The Budgetary Impacts of Fed Actions
Yesterday CBO issued a very interesting report on the budgetary impact of the Federal Reserve's actions to address the economic and financial crisis. Besides giving a very useful background on the Fed's extraordinary actions (which we've talked about here) and its more traditional policy controls, CBO estimates that remittances from the Fed to the Treasury will grow from about $34 billion in 2009 to over $70 billion in 2010 and 2011.
Each year the Fed is required to remit any excess income (income minus expenses, dividends to banks, and additions to it surplus account) to the general fund of the Treasury, where it appears as a type of revenue under "miscellaneous receipts." Between 2000 and 2009 remittances ranged from $19 billion to $34 billion.
Due to the Fed's actions to stabilize the economy and financial sector (including expanded lending to banks, new liquidity programs, open-market purchases of securities, and support for systemically important institutions -- see a full list and descriptions at Stimulus.org), remittances are expected to more than double over the next few years as the Fed's asset portfolio remains large (according to Stimulus.org, the Fed's balance sheet is currently nearly $2.4 trillion) and returns on these assets remain higher than interest rates the Fed pays on reserves.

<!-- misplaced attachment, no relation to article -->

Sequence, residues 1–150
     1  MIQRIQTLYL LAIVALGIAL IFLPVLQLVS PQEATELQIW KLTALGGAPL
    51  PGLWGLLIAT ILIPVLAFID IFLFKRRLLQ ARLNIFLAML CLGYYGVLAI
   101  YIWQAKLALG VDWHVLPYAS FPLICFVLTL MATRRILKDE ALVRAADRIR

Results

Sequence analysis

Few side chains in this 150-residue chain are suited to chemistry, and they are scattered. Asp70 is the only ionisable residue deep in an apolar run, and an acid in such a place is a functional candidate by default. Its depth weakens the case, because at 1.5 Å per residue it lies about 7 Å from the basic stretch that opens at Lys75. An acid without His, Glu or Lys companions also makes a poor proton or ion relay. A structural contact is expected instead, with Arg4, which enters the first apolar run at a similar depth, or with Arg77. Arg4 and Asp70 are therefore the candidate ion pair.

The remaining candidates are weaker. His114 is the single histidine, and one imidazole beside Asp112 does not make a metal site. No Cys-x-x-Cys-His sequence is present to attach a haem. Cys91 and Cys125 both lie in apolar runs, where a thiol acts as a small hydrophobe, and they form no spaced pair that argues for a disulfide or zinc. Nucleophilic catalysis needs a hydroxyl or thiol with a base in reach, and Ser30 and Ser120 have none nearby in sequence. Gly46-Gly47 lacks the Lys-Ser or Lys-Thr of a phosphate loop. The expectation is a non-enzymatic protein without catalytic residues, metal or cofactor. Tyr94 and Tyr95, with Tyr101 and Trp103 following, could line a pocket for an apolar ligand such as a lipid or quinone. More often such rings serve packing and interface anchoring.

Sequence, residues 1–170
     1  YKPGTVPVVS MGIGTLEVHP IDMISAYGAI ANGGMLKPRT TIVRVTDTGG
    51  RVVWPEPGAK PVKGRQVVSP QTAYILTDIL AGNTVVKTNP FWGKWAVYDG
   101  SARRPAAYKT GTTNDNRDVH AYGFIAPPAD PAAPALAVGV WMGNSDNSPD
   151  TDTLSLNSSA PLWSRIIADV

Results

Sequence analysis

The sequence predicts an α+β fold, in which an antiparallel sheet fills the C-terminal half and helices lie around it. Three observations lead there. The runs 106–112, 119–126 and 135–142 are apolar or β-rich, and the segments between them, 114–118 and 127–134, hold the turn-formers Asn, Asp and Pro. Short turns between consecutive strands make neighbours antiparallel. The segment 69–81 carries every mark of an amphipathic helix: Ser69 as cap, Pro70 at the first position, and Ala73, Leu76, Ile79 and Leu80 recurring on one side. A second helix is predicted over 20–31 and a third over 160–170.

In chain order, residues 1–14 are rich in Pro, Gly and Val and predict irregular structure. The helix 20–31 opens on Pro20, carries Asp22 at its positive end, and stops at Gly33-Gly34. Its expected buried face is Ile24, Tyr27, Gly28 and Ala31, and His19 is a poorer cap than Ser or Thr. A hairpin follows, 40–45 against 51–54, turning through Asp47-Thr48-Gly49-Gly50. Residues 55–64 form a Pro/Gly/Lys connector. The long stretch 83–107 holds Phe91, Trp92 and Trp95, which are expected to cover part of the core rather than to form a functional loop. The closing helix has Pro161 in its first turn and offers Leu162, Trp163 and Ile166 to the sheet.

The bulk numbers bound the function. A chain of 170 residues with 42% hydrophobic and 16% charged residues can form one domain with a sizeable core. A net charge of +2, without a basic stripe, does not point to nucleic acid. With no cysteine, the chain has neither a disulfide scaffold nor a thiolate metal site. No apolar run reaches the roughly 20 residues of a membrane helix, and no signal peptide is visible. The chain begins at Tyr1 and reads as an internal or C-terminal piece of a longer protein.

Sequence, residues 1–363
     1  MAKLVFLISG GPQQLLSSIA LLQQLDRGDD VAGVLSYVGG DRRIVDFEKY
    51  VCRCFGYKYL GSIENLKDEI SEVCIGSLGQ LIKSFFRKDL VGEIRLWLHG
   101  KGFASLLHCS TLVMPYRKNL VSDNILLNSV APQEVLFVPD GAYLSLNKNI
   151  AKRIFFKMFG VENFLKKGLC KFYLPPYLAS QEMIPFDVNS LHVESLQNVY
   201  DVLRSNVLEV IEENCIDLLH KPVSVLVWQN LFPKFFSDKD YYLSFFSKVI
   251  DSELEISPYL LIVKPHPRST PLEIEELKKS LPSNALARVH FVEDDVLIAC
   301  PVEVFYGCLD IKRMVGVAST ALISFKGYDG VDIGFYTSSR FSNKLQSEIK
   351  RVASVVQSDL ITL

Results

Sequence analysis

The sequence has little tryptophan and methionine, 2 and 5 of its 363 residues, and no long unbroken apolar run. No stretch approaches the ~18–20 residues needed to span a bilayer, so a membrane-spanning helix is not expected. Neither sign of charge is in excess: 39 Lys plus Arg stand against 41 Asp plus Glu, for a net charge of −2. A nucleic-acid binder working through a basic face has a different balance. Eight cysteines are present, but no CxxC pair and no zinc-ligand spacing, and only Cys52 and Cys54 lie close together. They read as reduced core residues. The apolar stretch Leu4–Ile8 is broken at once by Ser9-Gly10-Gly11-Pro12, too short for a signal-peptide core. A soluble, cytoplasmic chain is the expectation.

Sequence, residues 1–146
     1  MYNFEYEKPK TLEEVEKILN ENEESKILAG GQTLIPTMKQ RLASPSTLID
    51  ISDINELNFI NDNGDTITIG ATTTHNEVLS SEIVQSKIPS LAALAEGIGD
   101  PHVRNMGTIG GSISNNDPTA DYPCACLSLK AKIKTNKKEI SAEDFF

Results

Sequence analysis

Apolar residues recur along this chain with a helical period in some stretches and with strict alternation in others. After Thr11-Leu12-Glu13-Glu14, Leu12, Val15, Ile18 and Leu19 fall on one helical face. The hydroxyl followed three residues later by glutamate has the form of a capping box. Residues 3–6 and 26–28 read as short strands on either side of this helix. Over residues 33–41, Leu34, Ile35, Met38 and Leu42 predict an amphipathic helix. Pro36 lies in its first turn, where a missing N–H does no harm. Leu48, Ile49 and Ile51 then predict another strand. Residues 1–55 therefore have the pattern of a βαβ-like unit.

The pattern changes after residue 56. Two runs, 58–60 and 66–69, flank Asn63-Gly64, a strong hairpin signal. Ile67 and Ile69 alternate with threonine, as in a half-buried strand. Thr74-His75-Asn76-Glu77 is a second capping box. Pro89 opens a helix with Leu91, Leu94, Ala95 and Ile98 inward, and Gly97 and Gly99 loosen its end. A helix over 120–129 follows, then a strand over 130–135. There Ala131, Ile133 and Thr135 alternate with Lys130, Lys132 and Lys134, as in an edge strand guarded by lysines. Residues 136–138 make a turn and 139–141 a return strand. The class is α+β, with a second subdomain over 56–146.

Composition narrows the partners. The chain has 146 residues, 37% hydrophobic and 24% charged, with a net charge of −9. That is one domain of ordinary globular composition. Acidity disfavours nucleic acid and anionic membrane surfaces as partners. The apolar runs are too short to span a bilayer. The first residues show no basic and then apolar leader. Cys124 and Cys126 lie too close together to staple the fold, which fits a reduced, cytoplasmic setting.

But the Fed's asset portfolio is now much riskier than before. Before the crisis, U.S. Treasury securities made up almost all of the Fed's assets. Now, Agency debt and MBSs constitute the majority of assets held.
But there's another part of the story here. The projected increased remittances to the Treasury fail to fully account for the costs to the taxpayer of the Fed's actions. Since the Fed purchased some of these assets at prices higher than what private investors would have, taxpayers receive less of a return for their money. As CBO explains:
If the Federal Reserve purchases the security at a fair market price, equivalent to what private investors would have paid, then the purchase creates no economic gain or loss for taxpayers; the price compensates the central bank for the risk it has assumed. By contrast, if the Federal Reserve purchases a risky security for more than the amount that private investors would have paid, it gives a subsidy to the seller of the security, creating an economic loss, or cost, for taxpayers.
Using "fair value" subsidies conferred by the Fed, CBO estimates that the Fed's actions totaled about $21 billion. CBO does note, however, that these fair value estimates focus on the costs and not the benefits of the Fed's actions, arguing that the benefits likely "exceeded the relatively small costs reported here for fair-value subsidies."
So, it's clear that the actions of the Fed clearly affect the federal budget, but these remittances do not capture the full extent of the risks and subsidies that the Fed is taking on and dispersing, respectively. It is also unclear whether the Fed's remittances should be shown in the budget as a receipt -- to reduce the deficit -- or as a means of financing -- to reduce the Treasury's borrowing needs.
See CRFB's paper The Extraordinary Actions Taken by the Federal Reserve.